SYRIA: Syria Peace Talks: Bitter Exchanges Mark First Day Of Negotiations

Friday, January 24, 2014
The Huffington Post
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GENEVA (AP) — The leader of Syria's Western-backed opposition said Thursday he will give his negotiating team the authority it needs in any talks with President Bashar Assad's government.

Ahmad al-Jarba, head of the Syrian National Coalition, said he had no timeframe in mind. But, he said, " We made the difficult decision to attend the talks." Speaking at a news conference, he said Assad's allies were falling away as the prospect of peace talks approached.

The two sides have not yet spoken directly at the peace talks in Switzerland aimed at forging a path out of Syria's civil war.

Syria's government declared that its main priority was stopping terrorism — not ensuring peace — and before al-Jarba spoke with reporters Thursday it hadn't been clear whether the opposition was ready to negotiate directly with the government it wants to overthrow.

As the two sides spend the day meeting separately with a U.N. mediator known for untangling diplomatic knots, their comments reflected positions hardened by nearly three years of civil war.

The goal of direct talks by Friday had appeared distant at best. But that seemed to change when al-Jarba said, "The road to negotiations has begun."

Syrian Foreign Minister Walid al-Moallem, speaking after the tense opening day of a peace conference that has nearly fallen apart at every step, said his government's priority was to "to fight terrorism." He said, "This paves the way for the start of the political process and an internal Syrian dialogue without any foreign intervention."

At least 130,000 people have been killed in the fighting that began in March 2011 with a peaceful uprising against President Bashar Assad's rule, according to activists who are the only ones still keeping count. The fighting in Syria has become a proxy war between regional powers Iran and Saudi Arabia, and taken on post-Cold War overtones with Russia and the United States backing opposite sides.

Assad's government blames the West for the influx of foreign militants who have taken up the cause of the rebellion, and claims that his fall would turn the region into an al-Qaida haven.

Al-Moallem dismissed the Western-backed Syrian National Coalition as exiled, ineffectual meddlers, insisting that any political negotiations should take place without outside interference and with those who truly represent Syrians.

Haitham al-Maleh, a veteran Syrian opposition figure and a senior member of the coalition, said Thursday there may not be any face-to-face talks between the two delegations on Friday — as had been hoped — but rather mediator Lakhdar Brahimi would continue to shuttle between the two sides.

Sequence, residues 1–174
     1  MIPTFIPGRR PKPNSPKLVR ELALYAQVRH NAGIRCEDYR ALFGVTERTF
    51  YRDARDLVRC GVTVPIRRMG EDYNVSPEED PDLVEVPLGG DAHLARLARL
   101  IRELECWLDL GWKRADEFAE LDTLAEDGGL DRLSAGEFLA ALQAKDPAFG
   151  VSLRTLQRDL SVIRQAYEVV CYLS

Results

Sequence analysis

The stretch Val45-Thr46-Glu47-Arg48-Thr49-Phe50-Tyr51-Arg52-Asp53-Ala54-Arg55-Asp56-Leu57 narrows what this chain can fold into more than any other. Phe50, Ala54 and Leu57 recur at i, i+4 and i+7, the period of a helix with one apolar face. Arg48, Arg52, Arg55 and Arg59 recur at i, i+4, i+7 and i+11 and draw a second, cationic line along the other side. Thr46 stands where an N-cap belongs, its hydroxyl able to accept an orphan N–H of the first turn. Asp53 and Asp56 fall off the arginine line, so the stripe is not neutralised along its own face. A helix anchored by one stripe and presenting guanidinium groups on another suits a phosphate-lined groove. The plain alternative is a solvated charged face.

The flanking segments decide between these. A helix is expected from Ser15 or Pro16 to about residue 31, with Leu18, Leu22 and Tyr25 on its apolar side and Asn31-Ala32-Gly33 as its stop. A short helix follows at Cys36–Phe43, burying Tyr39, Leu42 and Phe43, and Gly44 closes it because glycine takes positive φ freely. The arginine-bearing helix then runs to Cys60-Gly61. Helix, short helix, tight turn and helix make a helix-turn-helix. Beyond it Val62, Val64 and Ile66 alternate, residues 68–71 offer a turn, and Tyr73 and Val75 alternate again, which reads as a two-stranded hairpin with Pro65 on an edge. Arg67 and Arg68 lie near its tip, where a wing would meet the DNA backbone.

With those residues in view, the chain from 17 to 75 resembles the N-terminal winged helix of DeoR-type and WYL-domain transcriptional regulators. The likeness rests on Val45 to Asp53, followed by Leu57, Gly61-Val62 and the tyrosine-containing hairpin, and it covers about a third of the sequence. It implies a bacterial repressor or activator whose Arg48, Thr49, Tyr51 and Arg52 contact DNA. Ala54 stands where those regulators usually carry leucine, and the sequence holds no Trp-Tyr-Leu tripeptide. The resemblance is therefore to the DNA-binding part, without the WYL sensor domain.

"I don't think we're ready for that yet. The gap is too big," said al-Maleh.

Brahimi was meeting first with al-Jarba, the coalition chief, then with al-Moallem, the U.N. said.

Al-Maleh, a longtime opponent of Assad's rule who spent many years in Syrian prisons, said it was "not easy" to sit in the same room with Assad's officials at Wednesday's opening of the peace conference.

"I looked at them and thought, are they really Syrians like me? How can they sit there and defend such a killer regime. How?" he asked.

Representatives hand-picked by Assad were staying in Geneva's Hotel de la Paix — or Peace Hotel. The opposition coalition was staying at the Intercontinental, where then-President Jimmy Carter met in 1977 with Assad's father, Hafez, to discuss Mideast peace prospects.

Syrian refugees staying at the Kilis camp in southern Turkey say the negotiations in Switzerland will not change their plight.

"Whether the opposition and the (Syrian) regime sit at the negotiating table makes no difference. The people of Syria have been left alone, and the international community is ignoring them," said refugee Mustafa Rejab.

The talks got off to a tense start Wednesday in the Swiss city of Montreux, with Assad's future at the heart of bitter exchanges on the podium as dozens of the world's most powerful diplomats looked on.

High-level mediating has yielded little so far, but Brahimi said the two sides might be willing to bend on humanitarian aid, cease-fires and prisoner exchanges.

At another Swiss venue, the World Economic Forum in Davos, Iranian President Hassan Rouhani called Thursday for a new election in Syria, saying his nation would respect the results. Iran, a close ally of Assad's, was barred from participating in the Swiss-based talks to end Syria's civil war.

"The best solution is to organize a free and fair election in Syria" and once the ballots are cast "we should all accept" the outcome, Rouhani said.

Badr Jamous, secretary-general of the Syrian National Coalition, derided the speech.

"Where are we going to conduct such elections? In the Syrian camps in Lebanon, Jordan and Turkey?" he said. "Or shall we look after the Syrian refugees in the boats sinking in the Mediterranean or in Europe or under the wreckage in Syria or in the cemeteries or in his prison?"